Southern Thing Column

‘Twas the Southern Night Before Christmas

Below is an excerpt from this week’s column on It’s a Southern Thing (southernthing.com). Click here to read it in its entirety, or click the link at the bottom.

’Twas the night before Christmas and all through the house,

The AC was running ‘cuz this is the South;

It was turned down low since Mama had the desire

To throw a big yule log on top of the fire.

 

The stockings that hung by the chimney looked wet

Because they were Uncle Earl’s, and his feet tend to sweat;

Camo sleeping bags lined the floor for the cousins

Who arrived in pickups and Jeeps by the dozens;

 

Aunt Lavette and Brother Dwight were debating football

Loudly discussing the championship bowl,

Until Mama said arguing was rude, if you asked her,

Besides, she added, “Brother Dwight, you’re the pastor!”

 

In the kitchen, MeeMaw was baking pecan pies,

PawPaw was nodding in a way that looked wise,

Turned out he was asleep in his old Barcalounger,

After eating the honey-baked ham, the old scrounger;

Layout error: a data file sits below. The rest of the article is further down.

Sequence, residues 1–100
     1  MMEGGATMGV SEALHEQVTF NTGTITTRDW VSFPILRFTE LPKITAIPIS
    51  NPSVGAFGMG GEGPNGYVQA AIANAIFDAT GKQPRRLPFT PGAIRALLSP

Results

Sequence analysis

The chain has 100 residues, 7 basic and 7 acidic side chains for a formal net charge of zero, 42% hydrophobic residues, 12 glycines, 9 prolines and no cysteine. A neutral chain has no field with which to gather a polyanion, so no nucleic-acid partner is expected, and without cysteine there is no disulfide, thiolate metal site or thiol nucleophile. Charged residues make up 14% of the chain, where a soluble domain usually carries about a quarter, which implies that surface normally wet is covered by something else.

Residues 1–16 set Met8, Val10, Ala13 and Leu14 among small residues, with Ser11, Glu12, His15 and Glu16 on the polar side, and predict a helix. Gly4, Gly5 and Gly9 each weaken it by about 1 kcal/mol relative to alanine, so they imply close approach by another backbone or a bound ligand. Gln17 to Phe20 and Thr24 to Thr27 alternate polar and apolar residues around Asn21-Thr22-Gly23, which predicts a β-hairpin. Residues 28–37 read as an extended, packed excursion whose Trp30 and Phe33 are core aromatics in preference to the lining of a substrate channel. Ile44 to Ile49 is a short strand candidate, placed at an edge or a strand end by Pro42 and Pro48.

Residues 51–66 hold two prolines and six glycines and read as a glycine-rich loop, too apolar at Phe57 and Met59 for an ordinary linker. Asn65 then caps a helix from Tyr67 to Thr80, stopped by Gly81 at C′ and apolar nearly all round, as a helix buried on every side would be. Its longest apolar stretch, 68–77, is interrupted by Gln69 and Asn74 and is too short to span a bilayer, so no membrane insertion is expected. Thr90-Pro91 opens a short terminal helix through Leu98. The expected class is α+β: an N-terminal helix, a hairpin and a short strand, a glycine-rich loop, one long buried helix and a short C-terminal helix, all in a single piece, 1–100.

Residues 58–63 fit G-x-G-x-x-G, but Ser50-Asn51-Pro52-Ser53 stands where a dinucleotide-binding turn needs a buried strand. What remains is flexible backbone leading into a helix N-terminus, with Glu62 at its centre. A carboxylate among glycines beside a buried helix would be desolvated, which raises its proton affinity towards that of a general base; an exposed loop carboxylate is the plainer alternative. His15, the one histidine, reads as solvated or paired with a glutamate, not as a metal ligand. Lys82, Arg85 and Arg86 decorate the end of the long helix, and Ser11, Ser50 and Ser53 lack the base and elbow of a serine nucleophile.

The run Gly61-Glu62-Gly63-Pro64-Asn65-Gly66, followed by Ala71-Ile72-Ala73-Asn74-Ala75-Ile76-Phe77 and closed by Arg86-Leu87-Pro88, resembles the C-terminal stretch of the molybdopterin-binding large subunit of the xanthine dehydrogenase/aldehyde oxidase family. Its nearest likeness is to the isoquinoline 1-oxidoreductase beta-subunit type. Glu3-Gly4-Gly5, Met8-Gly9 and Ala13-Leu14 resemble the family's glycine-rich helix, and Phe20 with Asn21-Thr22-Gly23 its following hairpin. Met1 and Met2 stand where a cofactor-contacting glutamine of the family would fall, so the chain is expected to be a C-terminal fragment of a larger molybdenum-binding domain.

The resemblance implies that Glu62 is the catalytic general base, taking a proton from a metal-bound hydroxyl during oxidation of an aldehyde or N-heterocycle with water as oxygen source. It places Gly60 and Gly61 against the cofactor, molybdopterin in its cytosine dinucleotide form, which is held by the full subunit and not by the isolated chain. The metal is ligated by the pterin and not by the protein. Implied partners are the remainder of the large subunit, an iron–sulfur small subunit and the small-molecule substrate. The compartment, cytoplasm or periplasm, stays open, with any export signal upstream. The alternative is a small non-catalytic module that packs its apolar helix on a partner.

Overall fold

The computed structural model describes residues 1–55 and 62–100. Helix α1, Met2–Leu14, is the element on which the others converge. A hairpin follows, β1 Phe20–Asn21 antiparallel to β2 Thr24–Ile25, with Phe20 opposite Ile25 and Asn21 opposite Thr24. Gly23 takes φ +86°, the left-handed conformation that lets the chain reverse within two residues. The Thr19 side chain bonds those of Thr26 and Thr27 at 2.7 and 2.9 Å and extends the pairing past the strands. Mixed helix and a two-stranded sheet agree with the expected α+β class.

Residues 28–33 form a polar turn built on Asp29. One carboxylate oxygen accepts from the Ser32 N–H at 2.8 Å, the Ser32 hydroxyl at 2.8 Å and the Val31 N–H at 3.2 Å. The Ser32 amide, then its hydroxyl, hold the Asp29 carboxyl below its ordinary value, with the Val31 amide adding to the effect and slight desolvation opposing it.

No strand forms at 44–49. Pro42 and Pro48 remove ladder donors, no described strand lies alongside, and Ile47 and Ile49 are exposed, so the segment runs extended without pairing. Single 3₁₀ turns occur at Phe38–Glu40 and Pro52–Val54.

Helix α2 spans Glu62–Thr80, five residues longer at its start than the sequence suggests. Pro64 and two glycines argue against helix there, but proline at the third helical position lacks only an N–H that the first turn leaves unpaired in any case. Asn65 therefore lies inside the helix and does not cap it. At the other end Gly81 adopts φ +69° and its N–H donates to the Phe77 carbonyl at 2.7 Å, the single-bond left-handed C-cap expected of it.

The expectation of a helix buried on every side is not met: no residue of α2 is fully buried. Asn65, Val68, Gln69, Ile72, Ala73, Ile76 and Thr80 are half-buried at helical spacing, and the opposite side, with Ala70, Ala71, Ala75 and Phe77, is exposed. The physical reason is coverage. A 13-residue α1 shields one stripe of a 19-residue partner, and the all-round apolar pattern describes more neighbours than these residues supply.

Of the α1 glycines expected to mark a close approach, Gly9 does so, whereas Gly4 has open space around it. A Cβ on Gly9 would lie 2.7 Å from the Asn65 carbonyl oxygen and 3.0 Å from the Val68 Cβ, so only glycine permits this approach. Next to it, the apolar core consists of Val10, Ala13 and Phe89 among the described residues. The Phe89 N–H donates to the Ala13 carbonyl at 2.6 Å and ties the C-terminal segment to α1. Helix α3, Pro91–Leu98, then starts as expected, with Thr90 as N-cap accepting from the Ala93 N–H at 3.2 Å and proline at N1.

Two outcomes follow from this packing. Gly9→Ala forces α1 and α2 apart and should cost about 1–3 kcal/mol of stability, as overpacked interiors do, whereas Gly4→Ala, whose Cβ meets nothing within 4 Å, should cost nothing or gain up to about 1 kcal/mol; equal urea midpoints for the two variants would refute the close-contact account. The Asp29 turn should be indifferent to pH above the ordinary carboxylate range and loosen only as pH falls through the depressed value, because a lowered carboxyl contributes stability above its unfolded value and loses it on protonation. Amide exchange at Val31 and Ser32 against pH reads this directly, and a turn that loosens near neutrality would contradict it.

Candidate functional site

Visions of bass boats danced in his head,

And a shiny new shotgun filled with lead;

A grin started forming at the curve of his lips;

As he dreamed of Santa and his sack full of gifts.

 

The children were dreaming, instead, of new toys,

Of ATVs or dirt bikes that made lots of noise;

No need for snowsuits or sleds or that type of present

The weather around here is always quite pleasant;

 

Soon all was in ready for old Santa Claus,

And they all went to bed, even PawPaw;

Mama left out some biscuits and a glass of sweet tea

In case Santa needed a burst of energy.

 

Soon they heard a loud noise like the roar of an engine,

Dad grabbed his gun and pulled it under his chin;

Then he saw it was Santa, who was riding a mower

But Deere season was over; so the barrel was lowered

 

Then Santa stepped in, leaving prints with his boots,

Sweating in spite of his seersucker suit;

Dad hollered: “Close the door. Were you raised in a barn?”

Santa merely “ho hoed,” and set out gifts tied with yarn. There’s more to the poem, y’all, but it belongs to SouthernThing.com, so click here to finish it.

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